Not only is Jessica Pegula the top-ranked American tennis player — and she’s now in the round of 16 at the US Open for the first time — but her parents own the Buffalo Bills.
As the Bills prepare to open the NFL season against the Rams on Thursday night, Pegula soared to new heights in her tennis career, defeating Chinese qualifier Yuan Yue 6-2, 6-7 (6), 6-0 on Saturday in Arthur Ashe Stadium.
This sets up a round of 16 match against Petra Kvitova, who defeated Pegula in the third round of the 2020 US Open.
“I think I’m a much better player now than I was the last time I played her,” said Pegula, 28. “Again, I don’t really know — I mean I know how she plays, but you never know how she will get herself together.
Pegula’s parents, Terry and Kim, own the Bills and Buffalo Sabres. Jessica wears a pair of beaded bracelets, one blue and red for the Bills, the other blue and yellow for the Sabres. Not surprisingly, she is an avid fan of both franchises.
It’s been a trying few months for the Pegula family, who announced in mid-June that Kim was undergoing medical treatment for an unspecified health problem.
“We are very grateful for the progress she has made over the past few days,” the family said in a June 14 statement. “She has an outstanding team of medical experts by her side. Please keep Kim and our family in your prayers and respect our need for privacy.
Two weeks later, the family issued another statement saying Kim was “progressing well” and “resting and recovering” from the health problem.
Jessica Pegula indicated in subsequent interviews that her mother was on the mend.
In May, three weeks before her health problem was announced, Kim Pegula spoke to The Times about what it was like to raise a world-class tennis player.
“We call her our first sports team,” Pegula’s mother said at the NFL meetings May 24 in Atlanta. “Because not knowing the future of owning the Sabers and the Bills and all these other teams, this was really our first opportunity to really understand as a parent what it means to want to be a professional player. The time, the effort, the things he gave up as a child. Oh my gosh.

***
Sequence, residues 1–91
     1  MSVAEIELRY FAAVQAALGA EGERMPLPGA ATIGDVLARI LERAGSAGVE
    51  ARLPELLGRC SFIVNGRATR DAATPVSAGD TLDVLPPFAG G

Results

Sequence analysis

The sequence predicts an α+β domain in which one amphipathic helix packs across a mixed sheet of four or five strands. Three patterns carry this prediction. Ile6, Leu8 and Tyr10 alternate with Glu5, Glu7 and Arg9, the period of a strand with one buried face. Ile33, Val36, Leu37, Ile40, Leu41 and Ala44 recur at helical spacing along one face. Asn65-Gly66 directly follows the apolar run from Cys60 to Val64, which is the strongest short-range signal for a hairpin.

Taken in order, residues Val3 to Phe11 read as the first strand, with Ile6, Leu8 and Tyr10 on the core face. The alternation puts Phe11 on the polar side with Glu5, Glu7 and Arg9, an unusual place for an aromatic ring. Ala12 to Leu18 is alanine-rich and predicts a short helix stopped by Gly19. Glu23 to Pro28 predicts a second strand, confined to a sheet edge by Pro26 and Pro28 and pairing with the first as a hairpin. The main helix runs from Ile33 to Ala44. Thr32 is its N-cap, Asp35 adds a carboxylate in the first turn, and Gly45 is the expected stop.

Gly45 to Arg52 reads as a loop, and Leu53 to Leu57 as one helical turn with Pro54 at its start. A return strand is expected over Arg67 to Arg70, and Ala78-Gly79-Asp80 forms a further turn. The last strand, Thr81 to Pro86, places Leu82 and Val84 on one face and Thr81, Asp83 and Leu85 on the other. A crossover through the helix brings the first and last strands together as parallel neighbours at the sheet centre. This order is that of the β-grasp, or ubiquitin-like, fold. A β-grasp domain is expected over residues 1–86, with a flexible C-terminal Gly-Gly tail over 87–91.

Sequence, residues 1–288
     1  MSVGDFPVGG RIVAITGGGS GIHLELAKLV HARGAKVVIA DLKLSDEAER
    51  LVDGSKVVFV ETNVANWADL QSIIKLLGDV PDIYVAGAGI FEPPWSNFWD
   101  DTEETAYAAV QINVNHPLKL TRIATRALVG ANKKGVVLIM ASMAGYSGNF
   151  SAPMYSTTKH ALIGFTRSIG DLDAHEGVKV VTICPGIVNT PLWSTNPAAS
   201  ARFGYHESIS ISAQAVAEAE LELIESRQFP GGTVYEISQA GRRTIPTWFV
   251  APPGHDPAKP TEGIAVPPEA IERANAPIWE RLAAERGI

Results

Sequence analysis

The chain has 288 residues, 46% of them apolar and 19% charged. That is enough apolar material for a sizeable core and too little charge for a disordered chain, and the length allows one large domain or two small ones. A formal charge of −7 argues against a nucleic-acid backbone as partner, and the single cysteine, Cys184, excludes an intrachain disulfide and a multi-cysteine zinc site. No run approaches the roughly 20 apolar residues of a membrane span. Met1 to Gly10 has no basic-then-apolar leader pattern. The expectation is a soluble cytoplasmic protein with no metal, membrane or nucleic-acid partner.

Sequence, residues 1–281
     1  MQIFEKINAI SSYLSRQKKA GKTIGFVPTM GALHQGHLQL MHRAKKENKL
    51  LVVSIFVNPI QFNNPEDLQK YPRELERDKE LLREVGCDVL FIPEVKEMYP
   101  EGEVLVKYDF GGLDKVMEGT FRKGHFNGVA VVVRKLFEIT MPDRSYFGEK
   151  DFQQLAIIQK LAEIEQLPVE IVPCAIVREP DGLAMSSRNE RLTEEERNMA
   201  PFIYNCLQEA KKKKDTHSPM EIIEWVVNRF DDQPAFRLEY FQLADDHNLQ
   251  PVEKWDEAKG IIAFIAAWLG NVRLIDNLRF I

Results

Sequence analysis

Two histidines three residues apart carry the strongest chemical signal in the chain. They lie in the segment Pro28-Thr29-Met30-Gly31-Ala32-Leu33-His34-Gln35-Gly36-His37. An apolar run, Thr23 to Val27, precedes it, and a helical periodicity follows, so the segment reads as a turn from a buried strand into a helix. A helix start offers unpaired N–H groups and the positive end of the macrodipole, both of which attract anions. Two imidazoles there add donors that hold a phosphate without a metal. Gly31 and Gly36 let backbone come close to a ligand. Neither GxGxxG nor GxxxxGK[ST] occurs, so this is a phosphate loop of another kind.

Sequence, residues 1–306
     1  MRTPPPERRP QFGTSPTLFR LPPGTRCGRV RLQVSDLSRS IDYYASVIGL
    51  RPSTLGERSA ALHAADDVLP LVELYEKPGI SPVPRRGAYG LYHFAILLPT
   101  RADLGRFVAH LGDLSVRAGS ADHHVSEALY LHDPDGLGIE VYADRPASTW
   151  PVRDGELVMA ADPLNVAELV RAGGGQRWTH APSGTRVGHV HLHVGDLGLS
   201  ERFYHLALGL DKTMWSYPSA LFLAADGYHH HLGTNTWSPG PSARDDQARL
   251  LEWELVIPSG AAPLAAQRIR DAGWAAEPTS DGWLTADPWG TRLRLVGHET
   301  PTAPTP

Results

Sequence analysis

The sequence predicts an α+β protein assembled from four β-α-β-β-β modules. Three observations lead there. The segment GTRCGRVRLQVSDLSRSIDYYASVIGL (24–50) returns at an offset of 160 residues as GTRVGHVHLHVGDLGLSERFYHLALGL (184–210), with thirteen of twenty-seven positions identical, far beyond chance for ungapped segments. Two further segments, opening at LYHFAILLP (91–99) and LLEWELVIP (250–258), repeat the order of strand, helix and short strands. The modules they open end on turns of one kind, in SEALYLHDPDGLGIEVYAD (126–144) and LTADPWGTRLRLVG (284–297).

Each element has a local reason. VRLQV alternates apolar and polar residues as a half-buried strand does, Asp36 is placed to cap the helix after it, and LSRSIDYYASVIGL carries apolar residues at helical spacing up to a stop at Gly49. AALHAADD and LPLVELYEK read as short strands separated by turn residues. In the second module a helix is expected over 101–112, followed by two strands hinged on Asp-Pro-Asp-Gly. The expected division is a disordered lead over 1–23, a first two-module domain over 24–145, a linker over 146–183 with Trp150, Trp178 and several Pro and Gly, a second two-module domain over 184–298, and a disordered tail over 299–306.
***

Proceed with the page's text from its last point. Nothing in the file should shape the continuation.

“She is 28 now; she started at 7. I haven’t done anything purposeful for so long, so many years. Now to see it actually translate into achieving all this success has been very satisfying.
“As many parents as they were, they supported us. We took her there, bought the racket, took the lessons and things like that. But if it wasn’t for her. … It’s a sport. It’s up to her. For her to have spent so much time… and now we’re seeing it play out.
Those league meetings took place during the French Open, when Pegula, nicknamed Jessie, reached the quarterfinals. Her parents followed her matches by sneaking glances at their phones during matches.
“We watch the score and the little ball when she serves and all that,” Kim Pegula, 53, said at the time. “I’m a little more nervous than my husband, so he’s staring at the phone. I’m like, “Just tell me after the set is over.” He’s more point-by-point. I’m more like, well, end of the first set, end of the match.
As for when the Pegulas realized their daughter had extraordinary talent?
“My husband and I disagree,” she said at the time. “He says he knew from Day 1 and I’m like, ‘Oh, come on. You really didn’t know. So many things can happen between 7 and 8 pm.
“I think there’s been certain games throughout her career where you can see it’s there. Now we’re just trying to get that consistency on a consistent basis to really get through. We saw it periodically in different matches that she would have, just saying that she could play any of these women that were ranked up there in the top — first it was top 50, then top 20, then top 10.
Pegula is ranked No. 8 among women, the highest of any American player. The highest-ranked American is Taylor Fritz at No. 12.
“When she was younger and we moved to Hilton Head (South Carolina) and she wanted to play tennis, you know, you brag about your kid,” Kim Pegula said in May. “People would ask and we’d say, ‘Oh yeah, she wants to be a professional.'” Everyone thinks you’re just bragging about your kid.
“So now they’re like, ‘Wait… I just saw her on TV. She is really good.’ So it’s a little bit of good satisfaction for those who knew us way back, knew her when she was younger. She just had this dream. It’s fun to see it come to life.”
This story originally appeared in the Los Angeles Times.